Press Release

Hertzberg Unveils Legislation to Stop Dumping Treated Water into the Ocean

SB 163 takes aim at a common practice that wastes billions of gallons of usable water throughout the state every single day

June 13, 2016

SACRAMENTO – Sen. Bob Hertzberg, D-Van Nuys, unveiled legislation today to stop the wasteful dumping of treated water into the ocean and instead find ways to reuse the water as part of efforts to better manage the precious resource during California’s historic drought.

SB 163 requires agencies that dump treated water to come up with plans on how to beneficially reuse the water and sets a goal of reusing half of the discharged water within a decade of the agencies submitting their plans.

“California’s drought has forced us to rethink everything we do with water and consider how to be more intelligent in how we manage it,” Hertzberg said. “This legislation is a no-brainer. Let’s find a way to reuse treated water instead of dumping it into the ocean. We have to stop thinking of treated water as a waste product – it’s a valuable resource to be utilized.”

California discharges an estimated 1.5 billion gallons of treated water – the equivalent of 18 Rose Bowls filled with water – into the ocean every day. In Los Angeles County alone, 650 million gallons of treated water goes into the Pacific daily.

This is water that has been used once and flows from homes and businesses through drains, pipes and water treatment centers, where the water is purified to meet federal standards and is nearly clean enough to drink. Instead of wasting the water, it could be used for irrigation, recharging groundwater or other important purposes.

The bill is supported by the California Coastal Protection Network, California League of Conservation Voters, Heal the Bay, the Natural Resources Defense Council and the Sierra Club.

“Each day, wastewater treatment plants send hundreds of millions of gallons of highly treated water into the ocean. This inefficient practice is not good for ocean health, and it’s certainly not helping us combat drought,” said Sarah Sikich, vice president for Heal the Bay. “SB 163 will greatly increase the amount of water recycled throughout the state, and greatly benefit the Los Angeles region where we rely heavily on imported water.”

The bill requires wastewater permit holders to submit plans by 2023 to reuse treated wastewater, to the maximum extent possible, that would otherwise be discharged into the ocean or a bay, and they must reuse at least 50 percent at all facilities by 2033. The bill directs the State Water Resources Control Board to consider convening an advisory group to develop recommendations and regulations to achieve the goal.

“It’s clear that recycled water has a significant place in California’s plan to be more drought-resistant and self-reliant,” said Steve Fleischli, water program director for the Natural Resources Defense Council. “But our current, voluntary program isn’t getting us close enough to meeting water recycling targets. Sen. Hertzberg’s bill could change that and make recycled water a reality for all of California. It’s a cost-effective and smart solution to California’s ongoing water challenges.”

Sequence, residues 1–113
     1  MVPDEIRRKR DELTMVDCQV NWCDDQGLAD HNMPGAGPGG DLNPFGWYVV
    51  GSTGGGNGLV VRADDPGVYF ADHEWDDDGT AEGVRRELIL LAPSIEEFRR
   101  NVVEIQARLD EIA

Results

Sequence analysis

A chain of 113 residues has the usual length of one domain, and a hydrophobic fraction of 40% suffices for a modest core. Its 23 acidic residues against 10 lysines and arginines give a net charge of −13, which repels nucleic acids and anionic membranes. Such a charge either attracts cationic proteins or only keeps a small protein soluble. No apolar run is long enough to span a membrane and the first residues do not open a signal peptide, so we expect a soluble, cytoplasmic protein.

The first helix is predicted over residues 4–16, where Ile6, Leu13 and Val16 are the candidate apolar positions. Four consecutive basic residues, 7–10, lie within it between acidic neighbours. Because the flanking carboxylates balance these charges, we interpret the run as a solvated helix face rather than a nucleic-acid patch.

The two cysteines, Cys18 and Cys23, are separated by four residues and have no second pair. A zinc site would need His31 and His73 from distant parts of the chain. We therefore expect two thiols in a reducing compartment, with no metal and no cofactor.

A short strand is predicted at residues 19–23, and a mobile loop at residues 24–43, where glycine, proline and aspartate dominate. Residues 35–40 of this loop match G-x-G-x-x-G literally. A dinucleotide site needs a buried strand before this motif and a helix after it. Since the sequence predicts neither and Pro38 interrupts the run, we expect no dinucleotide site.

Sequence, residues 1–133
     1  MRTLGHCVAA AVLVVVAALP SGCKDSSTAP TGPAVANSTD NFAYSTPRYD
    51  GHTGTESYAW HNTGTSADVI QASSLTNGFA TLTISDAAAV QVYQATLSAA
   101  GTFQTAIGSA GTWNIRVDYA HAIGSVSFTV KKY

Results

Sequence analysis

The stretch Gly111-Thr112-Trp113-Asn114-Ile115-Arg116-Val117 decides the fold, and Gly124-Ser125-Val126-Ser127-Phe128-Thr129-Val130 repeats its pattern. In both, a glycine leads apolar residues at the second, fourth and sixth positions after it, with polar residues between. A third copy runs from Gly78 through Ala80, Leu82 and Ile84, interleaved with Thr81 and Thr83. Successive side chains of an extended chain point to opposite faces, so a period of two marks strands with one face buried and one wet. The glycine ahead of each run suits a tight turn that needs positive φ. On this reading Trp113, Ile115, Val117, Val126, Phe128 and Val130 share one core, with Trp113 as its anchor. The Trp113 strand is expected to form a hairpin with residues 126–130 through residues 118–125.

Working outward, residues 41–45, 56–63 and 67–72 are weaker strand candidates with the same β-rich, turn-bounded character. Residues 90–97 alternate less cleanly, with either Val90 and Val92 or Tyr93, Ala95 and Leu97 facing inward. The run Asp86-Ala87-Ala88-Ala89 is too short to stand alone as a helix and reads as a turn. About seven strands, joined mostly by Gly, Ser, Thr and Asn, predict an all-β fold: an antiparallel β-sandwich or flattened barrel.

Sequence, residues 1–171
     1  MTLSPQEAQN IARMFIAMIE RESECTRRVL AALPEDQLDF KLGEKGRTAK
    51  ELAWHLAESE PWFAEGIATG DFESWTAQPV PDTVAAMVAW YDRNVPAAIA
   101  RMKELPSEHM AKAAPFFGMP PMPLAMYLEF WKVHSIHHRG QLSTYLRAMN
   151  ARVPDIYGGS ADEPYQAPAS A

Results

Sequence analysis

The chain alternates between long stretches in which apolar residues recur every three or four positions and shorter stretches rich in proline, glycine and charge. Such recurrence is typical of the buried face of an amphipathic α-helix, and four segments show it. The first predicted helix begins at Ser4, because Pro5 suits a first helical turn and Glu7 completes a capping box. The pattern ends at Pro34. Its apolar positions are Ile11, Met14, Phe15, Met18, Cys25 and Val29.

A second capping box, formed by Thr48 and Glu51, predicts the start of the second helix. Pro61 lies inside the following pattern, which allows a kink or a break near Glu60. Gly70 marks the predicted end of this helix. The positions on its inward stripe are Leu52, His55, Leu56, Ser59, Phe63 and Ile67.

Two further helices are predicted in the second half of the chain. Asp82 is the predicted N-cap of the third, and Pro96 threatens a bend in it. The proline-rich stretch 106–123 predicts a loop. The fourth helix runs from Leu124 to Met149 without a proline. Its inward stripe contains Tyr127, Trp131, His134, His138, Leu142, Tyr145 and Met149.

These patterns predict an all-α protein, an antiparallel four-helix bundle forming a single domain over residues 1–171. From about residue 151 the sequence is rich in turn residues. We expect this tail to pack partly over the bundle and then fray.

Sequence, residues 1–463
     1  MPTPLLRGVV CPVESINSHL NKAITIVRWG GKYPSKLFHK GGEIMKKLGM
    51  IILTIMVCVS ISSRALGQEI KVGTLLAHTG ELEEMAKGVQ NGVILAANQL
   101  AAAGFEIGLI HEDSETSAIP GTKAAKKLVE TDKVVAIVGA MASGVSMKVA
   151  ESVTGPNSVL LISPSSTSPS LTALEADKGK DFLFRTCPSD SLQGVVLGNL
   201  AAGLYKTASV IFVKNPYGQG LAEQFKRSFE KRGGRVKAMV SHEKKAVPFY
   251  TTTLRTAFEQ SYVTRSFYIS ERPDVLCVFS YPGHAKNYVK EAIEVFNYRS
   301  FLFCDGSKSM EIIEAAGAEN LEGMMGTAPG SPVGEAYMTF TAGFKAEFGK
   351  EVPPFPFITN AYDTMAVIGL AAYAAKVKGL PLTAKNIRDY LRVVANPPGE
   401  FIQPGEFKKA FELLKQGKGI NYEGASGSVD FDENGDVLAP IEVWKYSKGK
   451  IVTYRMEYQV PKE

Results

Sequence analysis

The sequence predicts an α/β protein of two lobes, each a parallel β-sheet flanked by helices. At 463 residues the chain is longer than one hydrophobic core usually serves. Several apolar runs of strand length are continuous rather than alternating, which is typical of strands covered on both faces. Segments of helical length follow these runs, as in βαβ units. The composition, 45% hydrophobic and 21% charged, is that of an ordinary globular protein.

SB 163 is part of a package of bills Sen. Hertzberg has authored to use natural resources more wisely and cope with changes brought by climate change and a punishing drought.

Hertzberg’s  SB 919 requires the state to better coordinate its power by directing excess renewable energy that can occur during the middle of the day toward water agencies that recycle or purify water. SB 1298 makes changes in state law to help local governments finance stormwater projects and provides options for water agencies to develop different rates to encourage conservation.

"Recycling wastewater from coastal outfalls,” said Kyle Jones, water policy advocate for Sierra Club California, “is a smart way to create new water supplies without harming the environment. Sen. Hertzberg's bill will help get more water recycling projects going while keeping a regulatory process in place to make these projects safe." 


Bob Hertzberg, chair of the Senate Committee on Governance and Finance, represents nearly 1 million San Fernando Valley residents of Senate District 18, which includes part of Burbank and the following communities in Los Angeles: Arleta, Granada Hills, Hansen Dam, Lake View Terrace, Mission Hills, North Hills, North Hollywood, part of Northridge, Pacoima, Panorama City, Sherman Oaks, Studio City, part of Sun Valley, Sylmar, Toluca Lake, Valley Glen, Valley Village, Van Nuys, the City of San Fernando and Universal City. See a district map at  After serving in the Assembly from 1996-2002, including two years as Speaker, Hertzberg invested in solar, wind and electric-car projects; and worked for structural changes in government through the Think Long Committee of California. Learn more at

Communications Director
Senator Robert M. Hertzberg
Capitol Building, Room 4038
Sacramento, CA 95814
(916) 651-4018